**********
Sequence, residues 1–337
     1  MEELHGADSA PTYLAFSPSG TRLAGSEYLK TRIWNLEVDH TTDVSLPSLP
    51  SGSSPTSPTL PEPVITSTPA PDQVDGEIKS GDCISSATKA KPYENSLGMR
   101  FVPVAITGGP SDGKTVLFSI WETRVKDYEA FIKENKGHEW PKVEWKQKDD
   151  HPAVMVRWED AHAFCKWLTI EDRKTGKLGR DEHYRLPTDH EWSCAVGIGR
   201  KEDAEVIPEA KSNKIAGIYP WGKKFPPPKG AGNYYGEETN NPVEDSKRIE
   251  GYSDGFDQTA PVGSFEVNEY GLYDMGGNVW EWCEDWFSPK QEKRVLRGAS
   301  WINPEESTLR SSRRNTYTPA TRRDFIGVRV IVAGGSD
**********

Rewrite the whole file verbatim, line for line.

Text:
Sequence, residues 1–337
     1  MEELHGADSA PTYLAFSPSG TRLAGSEYLK TRIWNLEVDH TTDVSLPSLP
    51  SGSSPTSPTL PEPVITSTPA PDQVDGEIKS GDCISSATKA KPYENSLGMR
   101  FVPVAITGGP SDGKTVLFSI WETRVKDYEA FIKENKGHEW PKVEWKQKDD
   151  HPAVMVRWED AHAFCKWLTI EDRKTGKLGR DEHYRLPTDH EWSCAVGIGR
   201  KEDAEVIPEA KSNKIAGIYP WGKKFPPPKG AGNYYGEETN NPVEDSKRIE
   251  GYSDGFDQTA PVGSFEVNEY GLYDMGGNVW EWCEDWFSPK QEKRVLRGAS
   301  WINPEESTLR SSRRNTYTPA TRRDFIGVRV IVAGGSD